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Skywatcher
29-01-2009, 08:24 PM
:unsure:

Not sure if anyone will get this but he is 'into' his rubiks cubes at the moment - he can solve a traditional cube (3x3) in 80 seconds he can also solve a 2x2 a 4x4 and a 5x5 - now until recently the rule was you could go no higher that that due to basic laws of physics but a Greek chap has invented a whole new technology and last september the first ever 6x6 and 7x7 were released - Thomas had some money for xmas so he bought them ( !!!)

they came today and are obviously bonkers complex - I think on te 7x7 cube it said there are 1.95 x 10 190(should be superscript) combinations.

:unsure: it took him 10 minutes to do it.


I am running out of ways to stimulate his brain

mumof2
29-01-2009, 08:25 PM
oh my, how wonderful......where on earth do you go from here. :hug2:

Britchick
29-01-2009, 08:28 PM
:unsure: wow!!! i struggle to do one side of the rubiks cube!

Skywatcher
29-01-2009, 08:28 PM
I'm not sure, he is only 8 - maybe they could use him at Cern

I expect he knows whether schrodingers cat is dead or not

mumof2
29-01-2009, 08:31 PM
did you see that programme last night about genius children

Skywatcher
29-01-2009, 08:39 PM
we used to watch them all but then we decided we just wanted him happy for now, and for now he is - but he will get sooooooo bored

He has now learned Pi to 430 decimal places :eek: - I've tried to tell him that is more than he is ever likely to practicaly need :lol:

mumof2
29-01-2009, 08:45 PM
oh my goodness, I mean it's wonderful and I just know you're bursting with pride, but how scary is it Chris to have a child that is so incredibly intelligent.

josh.p.
29-01-2009, 08:46 PM
Jesus! He is super-clever. Tell him I'll give him a tenner to do my A-level coursework for me LOL

Skywatcher
29-01-2009, 08:48 PM
It scares the bejibbers out of me, it is a fantastic gift but it comes at a price as far as behaviour is concerned and his needs are just as 'special' as if his IQ was below average - unfortunately there is no provision at that end as far as the school is concerned so they just sit him by himself doing quadratic equations etc

Taja
29-01-2009, 08:53 PM
It scares the bejibbers out of me, it is a fantastic gift but it comes at a price as far as behaviour is concerned and his needs are just as 'special' as if his IQ was below average - unfortunately there is no provision at that end as far as the school is concerned so they just sit him by himself doing quadratic equations etc

Sounds familiar. School was a boring holding pen, for the most part. :sigh:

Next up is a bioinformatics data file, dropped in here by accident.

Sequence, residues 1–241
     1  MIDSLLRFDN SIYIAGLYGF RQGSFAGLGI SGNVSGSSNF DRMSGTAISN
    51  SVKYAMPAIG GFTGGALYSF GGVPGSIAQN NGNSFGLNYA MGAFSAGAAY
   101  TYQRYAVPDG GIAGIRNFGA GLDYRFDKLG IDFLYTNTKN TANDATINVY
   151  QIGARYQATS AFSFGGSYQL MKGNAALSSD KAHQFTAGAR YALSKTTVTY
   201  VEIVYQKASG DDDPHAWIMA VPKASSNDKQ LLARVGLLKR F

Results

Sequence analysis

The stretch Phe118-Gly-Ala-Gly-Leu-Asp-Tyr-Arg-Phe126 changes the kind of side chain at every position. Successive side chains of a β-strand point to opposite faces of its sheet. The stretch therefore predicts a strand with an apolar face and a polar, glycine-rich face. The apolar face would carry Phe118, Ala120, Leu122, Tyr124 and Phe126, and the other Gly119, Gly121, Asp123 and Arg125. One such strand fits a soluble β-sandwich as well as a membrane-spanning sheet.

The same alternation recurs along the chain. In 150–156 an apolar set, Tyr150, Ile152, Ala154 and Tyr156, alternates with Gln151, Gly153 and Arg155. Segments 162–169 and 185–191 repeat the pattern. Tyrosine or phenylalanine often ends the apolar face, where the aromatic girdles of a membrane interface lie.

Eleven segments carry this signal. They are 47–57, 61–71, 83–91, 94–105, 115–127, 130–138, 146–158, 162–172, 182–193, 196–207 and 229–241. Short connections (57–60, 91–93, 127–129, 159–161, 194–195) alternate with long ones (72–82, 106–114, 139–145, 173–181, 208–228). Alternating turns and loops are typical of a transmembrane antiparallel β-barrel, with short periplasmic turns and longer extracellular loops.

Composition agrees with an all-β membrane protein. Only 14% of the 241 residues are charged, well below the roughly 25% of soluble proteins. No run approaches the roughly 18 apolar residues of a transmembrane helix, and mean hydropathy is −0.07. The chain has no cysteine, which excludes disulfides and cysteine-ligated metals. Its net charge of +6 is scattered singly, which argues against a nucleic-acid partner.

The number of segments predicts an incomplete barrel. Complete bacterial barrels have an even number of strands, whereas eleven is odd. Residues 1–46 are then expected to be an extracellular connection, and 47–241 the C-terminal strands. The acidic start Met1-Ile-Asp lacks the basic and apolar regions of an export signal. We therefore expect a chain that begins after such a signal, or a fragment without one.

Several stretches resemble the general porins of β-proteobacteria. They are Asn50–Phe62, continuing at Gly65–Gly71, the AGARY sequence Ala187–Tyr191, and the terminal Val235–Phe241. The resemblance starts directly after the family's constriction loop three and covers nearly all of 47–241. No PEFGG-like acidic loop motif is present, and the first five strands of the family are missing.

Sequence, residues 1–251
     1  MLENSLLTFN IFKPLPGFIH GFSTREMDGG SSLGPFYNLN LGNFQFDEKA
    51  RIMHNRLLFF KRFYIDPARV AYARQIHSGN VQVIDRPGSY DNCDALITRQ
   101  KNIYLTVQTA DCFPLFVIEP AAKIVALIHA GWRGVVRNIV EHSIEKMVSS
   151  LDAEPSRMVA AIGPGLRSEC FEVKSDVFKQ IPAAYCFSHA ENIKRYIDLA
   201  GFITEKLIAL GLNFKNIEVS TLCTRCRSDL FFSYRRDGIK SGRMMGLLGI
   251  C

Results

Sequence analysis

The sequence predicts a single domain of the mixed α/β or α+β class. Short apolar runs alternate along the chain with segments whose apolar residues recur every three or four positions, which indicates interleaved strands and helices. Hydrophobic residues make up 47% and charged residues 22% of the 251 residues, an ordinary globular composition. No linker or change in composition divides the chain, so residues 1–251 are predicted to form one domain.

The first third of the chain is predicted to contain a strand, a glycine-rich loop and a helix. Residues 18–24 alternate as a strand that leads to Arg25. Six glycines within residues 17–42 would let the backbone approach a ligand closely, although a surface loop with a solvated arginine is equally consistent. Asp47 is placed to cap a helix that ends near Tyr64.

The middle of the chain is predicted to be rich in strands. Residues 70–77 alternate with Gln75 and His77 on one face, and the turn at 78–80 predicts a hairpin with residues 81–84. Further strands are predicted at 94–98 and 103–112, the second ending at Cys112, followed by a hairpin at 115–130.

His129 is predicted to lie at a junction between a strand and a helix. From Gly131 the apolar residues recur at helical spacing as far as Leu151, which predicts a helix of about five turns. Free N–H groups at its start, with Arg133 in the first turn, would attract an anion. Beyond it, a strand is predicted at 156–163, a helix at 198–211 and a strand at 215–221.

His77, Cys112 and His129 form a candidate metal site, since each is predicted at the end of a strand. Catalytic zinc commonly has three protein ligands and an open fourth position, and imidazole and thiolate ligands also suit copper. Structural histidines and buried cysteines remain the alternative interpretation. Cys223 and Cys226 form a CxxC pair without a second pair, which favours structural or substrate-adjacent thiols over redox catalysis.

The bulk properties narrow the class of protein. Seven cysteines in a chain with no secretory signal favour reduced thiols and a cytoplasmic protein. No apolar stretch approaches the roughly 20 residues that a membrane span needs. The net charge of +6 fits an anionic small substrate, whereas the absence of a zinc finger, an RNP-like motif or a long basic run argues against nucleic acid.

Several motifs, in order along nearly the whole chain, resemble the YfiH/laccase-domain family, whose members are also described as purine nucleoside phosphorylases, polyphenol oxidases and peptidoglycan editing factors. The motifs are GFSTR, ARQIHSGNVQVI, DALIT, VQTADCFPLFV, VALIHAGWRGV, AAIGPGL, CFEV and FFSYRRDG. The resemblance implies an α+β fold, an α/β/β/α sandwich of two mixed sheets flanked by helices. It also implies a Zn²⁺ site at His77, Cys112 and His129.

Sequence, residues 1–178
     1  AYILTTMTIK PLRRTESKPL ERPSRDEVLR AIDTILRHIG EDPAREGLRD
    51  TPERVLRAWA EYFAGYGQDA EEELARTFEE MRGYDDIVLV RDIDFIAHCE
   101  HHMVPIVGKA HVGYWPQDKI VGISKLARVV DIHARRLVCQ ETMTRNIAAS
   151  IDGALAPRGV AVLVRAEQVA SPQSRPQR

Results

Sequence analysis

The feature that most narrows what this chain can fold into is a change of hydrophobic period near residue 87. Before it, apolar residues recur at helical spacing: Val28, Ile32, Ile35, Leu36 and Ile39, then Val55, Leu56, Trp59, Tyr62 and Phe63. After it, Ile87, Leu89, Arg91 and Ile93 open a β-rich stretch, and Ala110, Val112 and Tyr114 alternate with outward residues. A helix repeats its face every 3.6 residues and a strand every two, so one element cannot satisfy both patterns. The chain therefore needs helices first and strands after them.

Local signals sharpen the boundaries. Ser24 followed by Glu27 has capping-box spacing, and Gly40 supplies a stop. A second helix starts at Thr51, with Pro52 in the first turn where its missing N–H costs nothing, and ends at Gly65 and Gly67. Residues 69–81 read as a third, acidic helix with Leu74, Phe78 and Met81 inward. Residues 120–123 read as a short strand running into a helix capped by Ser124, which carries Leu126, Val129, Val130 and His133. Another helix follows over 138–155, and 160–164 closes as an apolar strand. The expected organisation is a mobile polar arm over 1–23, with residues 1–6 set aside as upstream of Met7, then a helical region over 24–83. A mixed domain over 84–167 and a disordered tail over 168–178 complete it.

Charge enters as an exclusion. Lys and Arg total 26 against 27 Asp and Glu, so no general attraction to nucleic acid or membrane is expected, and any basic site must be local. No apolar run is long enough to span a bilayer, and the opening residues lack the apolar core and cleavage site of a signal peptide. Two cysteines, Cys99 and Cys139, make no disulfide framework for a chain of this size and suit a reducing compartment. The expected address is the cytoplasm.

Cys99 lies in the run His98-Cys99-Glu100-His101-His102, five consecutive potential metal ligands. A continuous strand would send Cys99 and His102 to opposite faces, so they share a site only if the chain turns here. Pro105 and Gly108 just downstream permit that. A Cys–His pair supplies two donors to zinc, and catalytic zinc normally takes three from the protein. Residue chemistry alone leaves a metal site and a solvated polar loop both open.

And I'm no where near as intelligent as he is!

mumof2
29-01-2009, 09:00 PM
It scares the bejibbers out of me, it is a fantastic gift but it comes at a price as far as behaviour is concerned and his needs are just as 'special' as if his IQ was below average - unfortunately there is no provision at that end as far as the school is concerned so they just sit him by himself doing quadratic equations etc


it's just wrong - there was a lad at my eldest sons first school who was super intelligent....the parents fought and fought for him as he was so bored at school and they just couldn't afford to send him for all the tests etc that were required in order to prove his intelligence.

daveann
29-01-2009, 09:00 PM
what a little treasure you have there as long as he is happy thats all that counts but i bet your so proud of him :)

Tink
29-01-2009, 09:02 PM
Oh dear G-d. The child needs are special and very complex!

He needs socialization, or so we think, eh? :unsure: Keeping him stimulated is the key.

Does he interact with other children his age when given the opportunity? :unsure:

Jaysus Doc. Maybe he's the one, eh?

foreverducky
29-01-2009, 09:03 PM
Wow! You must be such a proud parent! It is true, he is as "abnormal" as someone who is greatly below average. However, this would definitely be the side of the coin one would wish for. :D

That's so exciting! And if he isn't busy tonight, could he read my book on Cognitive and Affective processes and then give me the cliff notes version of it???? :D

mumof2
29-01-2009, 09:42 PM
oh i just remembered chris, I think the parents were trying to get their son statemented so he would get the help he deserved.

They have a gifted and talented department at my eldest sons high school but that's obviously a long way off for you.

As you say, you want to see him happy and he is still only a little one :hug2:

Beccaberry
29-01-2009, 10:11 PM
So then perhaps we should just send him America's checkbook...maybe he could balance it for us?

Ursula
30-01-2009, 12:23 AM
How wonderful and don't let him go to waste.

candyman
30-01-2009, 03:47 AM
wow just rejoice in him and make sure he knows how proud you are of him